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Gaza settlements still in ruins

Iris Makkler Jul 11, 2006

KAI RYSSDAL: Palestinian President Mahmoud Abbas got a nice little bridge loan today: $50 million from the Arab League. It’s the biggest payday the Palestinians have had since Hamas took power back in January. Both the US and the European Union have cut off their aid. Hundreds of millions of dollars worth.

It was almost a year ago that Israel pulled its settlers out of Gaza. The Palestinians had high hopes for big economic developments. Irris Makler reports things haven’t exactly turn out as planned.

IRRIS MAKLER: About 400 Israelis once lived here in the settlement of Netzarim. It had prosperous greenhouses that grew mangos, cherry tomatoes and yams for export to European markets. Today, the greenhouses stand empty.

Palestinian workers successfully harvested the crops, but they ended up throwing them away. They couldn’t export them because Israel closed the border crossings due to its security concerns.

Nothing has changed since the day the settlers left. The site looks like a ruin. The rubble of the destroyed Jewish homes still hasn’t been cleared, and camels wander by under the blazing sun.

There may be no Palestinian farmers, but about a dozen gunmen are here. Their job is to keep out squatters who might interfere with plans to develop the area. Abu Hamdan has been here since the Israeli settlers left 11 months ago.

ABU HAMDAN [interpreter]: We came to safeguard the area, and if anyone makes trouble, we shoot him. They soon learn we mean business.

In the neighboring town of Khan Yunis, Governor Osama Al Farra knows that people in Gaza are disappointed with the lack of progress. He was on the committee to redevelop the settlements.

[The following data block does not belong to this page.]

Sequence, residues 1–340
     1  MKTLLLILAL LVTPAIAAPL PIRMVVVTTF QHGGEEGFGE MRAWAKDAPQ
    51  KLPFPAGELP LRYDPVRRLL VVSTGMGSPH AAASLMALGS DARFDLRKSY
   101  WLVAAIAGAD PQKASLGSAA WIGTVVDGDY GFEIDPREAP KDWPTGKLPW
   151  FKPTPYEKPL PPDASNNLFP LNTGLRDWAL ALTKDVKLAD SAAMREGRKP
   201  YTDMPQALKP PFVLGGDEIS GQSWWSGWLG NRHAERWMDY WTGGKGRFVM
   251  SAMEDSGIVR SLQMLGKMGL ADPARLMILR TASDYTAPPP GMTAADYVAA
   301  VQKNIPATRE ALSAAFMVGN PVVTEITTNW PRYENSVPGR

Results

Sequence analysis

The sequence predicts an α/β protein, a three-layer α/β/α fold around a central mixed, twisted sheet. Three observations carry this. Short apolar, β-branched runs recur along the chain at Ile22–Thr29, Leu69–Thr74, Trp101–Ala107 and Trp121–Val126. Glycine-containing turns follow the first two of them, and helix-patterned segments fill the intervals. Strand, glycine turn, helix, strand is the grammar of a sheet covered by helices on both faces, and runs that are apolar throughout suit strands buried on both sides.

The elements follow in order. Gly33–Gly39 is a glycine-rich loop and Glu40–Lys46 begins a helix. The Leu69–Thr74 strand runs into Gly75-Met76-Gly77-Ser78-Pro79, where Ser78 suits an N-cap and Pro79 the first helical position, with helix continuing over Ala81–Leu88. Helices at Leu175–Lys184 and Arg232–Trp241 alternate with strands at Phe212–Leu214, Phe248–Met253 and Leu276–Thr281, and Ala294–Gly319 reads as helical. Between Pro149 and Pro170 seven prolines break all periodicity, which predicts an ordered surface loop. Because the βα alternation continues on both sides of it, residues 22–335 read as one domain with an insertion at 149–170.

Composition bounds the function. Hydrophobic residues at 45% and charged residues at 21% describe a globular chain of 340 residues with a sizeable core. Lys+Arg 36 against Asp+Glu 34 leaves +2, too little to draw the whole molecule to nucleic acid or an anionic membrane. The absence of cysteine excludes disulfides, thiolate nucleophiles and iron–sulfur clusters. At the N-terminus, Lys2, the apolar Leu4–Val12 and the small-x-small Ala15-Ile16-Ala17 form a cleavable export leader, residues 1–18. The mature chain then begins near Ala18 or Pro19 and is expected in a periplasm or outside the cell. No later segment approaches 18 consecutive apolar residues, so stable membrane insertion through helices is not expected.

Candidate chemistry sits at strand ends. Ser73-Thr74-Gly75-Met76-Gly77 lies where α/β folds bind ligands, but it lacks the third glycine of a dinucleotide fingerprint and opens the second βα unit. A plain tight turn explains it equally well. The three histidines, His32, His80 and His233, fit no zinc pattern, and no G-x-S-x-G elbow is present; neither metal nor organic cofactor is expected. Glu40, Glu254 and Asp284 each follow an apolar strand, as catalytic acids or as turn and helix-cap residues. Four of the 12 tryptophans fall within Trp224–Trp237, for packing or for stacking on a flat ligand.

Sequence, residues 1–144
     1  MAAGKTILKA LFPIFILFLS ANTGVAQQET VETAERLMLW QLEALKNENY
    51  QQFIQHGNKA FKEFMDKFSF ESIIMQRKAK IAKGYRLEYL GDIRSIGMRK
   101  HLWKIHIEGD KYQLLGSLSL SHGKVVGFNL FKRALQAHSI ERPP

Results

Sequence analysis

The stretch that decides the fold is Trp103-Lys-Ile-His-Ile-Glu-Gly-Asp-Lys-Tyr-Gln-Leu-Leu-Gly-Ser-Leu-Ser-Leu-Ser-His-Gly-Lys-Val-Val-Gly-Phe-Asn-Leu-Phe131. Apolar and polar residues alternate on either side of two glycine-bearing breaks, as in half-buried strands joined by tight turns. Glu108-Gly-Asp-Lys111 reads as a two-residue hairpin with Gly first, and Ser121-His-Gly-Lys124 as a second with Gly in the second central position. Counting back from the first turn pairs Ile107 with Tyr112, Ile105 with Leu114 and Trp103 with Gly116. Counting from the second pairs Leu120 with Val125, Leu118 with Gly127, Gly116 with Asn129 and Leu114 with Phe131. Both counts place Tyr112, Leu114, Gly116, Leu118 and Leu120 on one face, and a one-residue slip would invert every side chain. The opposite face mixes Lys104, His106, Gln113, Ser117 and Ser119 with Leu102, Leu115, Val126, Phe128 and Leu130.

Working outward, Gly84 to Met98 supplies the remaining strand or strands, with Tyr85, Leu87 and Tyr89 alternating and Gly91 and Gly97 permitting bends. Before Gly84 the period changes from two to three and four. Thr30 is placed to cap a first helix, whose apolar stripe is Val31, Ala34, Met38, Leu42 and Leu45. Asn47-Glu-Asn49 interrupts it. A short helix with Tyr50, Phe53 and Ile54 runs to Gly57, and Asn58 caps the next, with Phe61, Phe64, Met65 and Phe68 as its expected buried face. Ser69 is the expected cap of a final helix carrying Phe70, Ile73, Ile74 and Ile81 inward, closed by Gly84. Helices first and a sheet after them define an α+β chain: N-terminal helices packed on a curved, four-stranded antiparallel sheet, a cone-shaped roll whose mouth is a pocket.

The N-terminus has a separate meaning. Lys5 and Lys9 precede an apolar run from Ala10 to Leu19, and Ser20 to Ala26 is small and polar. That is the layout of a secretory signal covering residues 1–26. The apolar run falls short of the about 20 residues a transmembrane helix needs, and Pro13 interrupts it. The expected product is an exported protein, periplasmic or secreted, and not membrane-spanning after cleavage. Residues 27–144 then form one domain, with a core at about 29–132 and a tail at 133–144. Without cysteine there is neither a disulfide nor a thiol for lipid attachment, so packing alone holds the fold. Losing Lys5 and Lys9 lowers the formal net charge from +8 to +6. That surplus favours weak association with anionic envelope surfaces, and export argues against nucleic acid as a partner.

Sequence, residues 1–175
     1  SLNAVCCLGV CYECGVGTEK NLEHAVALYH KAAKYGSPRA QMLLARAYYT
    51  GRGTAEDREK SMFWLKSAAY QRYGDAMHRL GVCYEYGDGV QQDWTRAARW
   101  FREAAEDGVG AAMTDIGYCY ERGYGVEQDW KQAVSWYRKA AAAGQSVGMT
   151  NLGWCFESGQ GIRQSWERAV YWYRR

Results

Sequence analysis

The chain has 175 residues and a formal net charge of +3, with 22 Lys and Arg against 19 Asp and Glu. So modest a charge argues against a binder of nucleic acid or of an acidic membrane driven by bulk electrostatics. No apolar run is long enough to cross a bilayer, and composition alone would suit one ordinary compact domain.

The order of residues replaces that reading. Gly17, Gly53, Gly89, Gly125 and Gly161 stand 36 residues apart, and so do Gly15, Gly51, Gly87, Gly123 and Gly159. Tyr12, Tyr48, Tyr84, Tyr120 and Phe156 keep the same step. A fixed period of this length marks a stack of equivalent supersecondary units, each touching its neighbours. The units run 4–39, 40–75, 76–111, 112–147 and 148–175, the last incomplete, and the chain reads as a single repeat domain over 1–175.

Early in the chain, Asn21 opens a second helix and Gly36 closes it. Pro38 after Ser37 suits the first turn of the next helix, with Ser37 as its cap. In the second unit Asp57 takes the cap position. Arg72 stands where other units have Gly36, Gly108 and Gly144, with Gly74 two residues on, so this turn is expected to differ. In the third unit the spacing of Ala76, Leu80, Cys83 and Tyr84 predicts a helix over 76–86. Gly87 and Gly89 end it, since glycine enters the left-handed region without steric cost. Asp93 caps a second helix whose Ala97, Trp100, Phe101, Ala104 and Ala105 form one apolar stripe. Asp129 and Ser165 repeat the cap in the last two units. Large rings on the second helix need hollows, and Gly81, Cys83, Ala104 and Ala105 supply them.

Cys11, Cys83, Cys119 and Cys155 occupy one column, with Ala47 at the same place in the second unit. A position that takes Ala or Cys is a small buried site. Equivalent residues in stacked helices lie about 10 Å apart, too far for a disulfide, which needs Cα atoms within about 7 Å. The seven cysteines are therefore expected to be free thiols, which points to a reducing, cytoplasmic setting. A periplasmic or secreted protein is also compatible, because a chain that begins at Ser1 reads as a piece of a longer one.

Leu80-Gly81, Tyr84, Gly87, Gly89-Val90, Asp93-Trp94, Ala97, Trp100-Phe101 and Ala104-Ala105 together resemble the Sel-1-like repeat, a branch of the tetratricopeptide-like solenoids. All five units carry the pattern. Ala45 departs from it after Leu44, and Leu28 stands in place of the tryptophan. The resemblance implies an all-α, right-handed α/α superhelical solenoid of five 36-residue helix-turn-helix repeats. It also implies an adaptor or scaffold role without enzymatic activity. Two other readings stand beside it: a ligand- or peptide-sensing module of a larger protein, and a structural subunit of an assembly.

OSAMA AL FARRA: So their feeling and their dream was so big, but I think really we can say that everything have been collapsed.

The town of Khan Yunis backs onto what was once the largest Jewish settlement in Gaza: Neve Dkalim. The plan was to integrate the empty settlement into the town with connecting roads, large-scale housing developments, and a stadium. But none of that has even been started.

There are no guards here, and when we get close the driver says it’s too dangerous to get out. We drive by sections where squatters are building illegally, and also see areas cordoned off with wire, where there are weapons and flags. Governor Al Farra confirms that Hamas and Fatah militias both have training camps there. After Hamas was elected early this year, international institutions and investors clamped off aid.

Even projects which had already been funded by USAID and other donors — including clearing the rubble, building roads and connecting electricity — were stopped cold.

But as grim as things may be in the former settlements, commerce is taking root in other areas. Local entrepreneurs are moving in to fill the vaccum, with projects that don’t require large-scale planning — like beach cafes.

Restaurateur Allah Al Kurdi invested $15,000 in a café on the gaza shore. It bustles on weekends, but right now, midweek, it’s empty. Most people have little cash left.

ALLAH AL KURDI [interpreter]: It’s been great here, thank god. But since I opened, business has been slow. People don’t want to spend money because they haven’t been paid since Hamas came to power. And that’s been more than four months.

These cafés are small, green shoots of commerce. But it’s unlikely that anything more substantial will grow until international funding returns.

In the Gaza Strip, I’m Irris Makler for Marketplace.

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